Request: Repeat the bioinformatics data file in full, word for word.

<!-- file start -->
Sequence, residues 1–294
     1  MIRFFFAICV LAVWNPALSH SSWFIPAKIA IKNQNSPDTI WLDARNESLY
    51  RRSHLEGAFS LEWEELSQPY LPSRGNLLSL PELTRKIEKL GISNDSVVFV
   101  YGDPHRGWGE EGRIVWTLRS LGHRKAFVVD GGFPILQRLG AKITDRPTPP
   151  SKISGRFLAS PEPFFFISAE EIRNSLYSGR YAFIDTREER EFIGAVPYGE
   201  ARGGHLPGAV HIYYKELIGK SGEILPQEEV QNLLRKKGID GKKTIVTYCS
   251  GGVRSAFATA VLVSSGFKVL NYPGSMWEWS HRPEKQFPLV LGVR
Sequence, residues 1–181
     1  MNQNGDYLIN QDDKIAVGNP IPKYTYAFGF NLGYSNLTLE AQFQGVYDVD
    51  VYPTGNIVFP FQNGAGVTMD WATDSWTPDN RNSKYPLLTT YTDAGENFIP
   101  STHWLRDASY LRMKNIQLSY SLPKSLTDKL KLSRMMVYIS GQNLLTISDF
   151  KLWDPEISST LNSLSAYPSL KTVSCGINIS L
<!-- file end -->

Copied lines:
Sequence, residues 1–294
     1  MIRFFFAICV LAVWNPALSH SSWFIPAKIA IKNQNSPDTI WLDARNESLY
    51  RRSHLEGAFS LEWEELSQPY LPSRGNLLSL PELTRKIEKL GISNDSVVFV
   101  YGDPHRGWGE EGRIVWTLRS LGHRKAFVVD GGFPILQRLG AKITDRPTPP
   151  SKISGRFLAS PEPFFFISAE EIRNSLYSGR YAFIDTREER EFIGAVPYGE
   201  ARGGHLPGAV HIYYKELIGK SGEILPQEEV QNLLRKKGID GKKTIVTYCS
   251  GGVRSAFATA VLVSSGFKVL NYPGSMWEWS HRPEKQFPLV LGVR
Sequence, residues 1–181
     1  MNQNGDYLIN QDDKIAVGNP IPKYTYAFGF NLGYSNLTLE AQFQGVYDVD
    51  VYPTGNIVFP FQNGAGVTMD WATDSWTPDN RNSKYPLLTT YTDAGENFIP
   101  STHWLRDASY LRMKNIQLSY SLPKSLTDKL KLSRMMVYIS GQNLLTISDF
   151  KLWDPEISST LNSLSAYPSL KTVSCGINIS L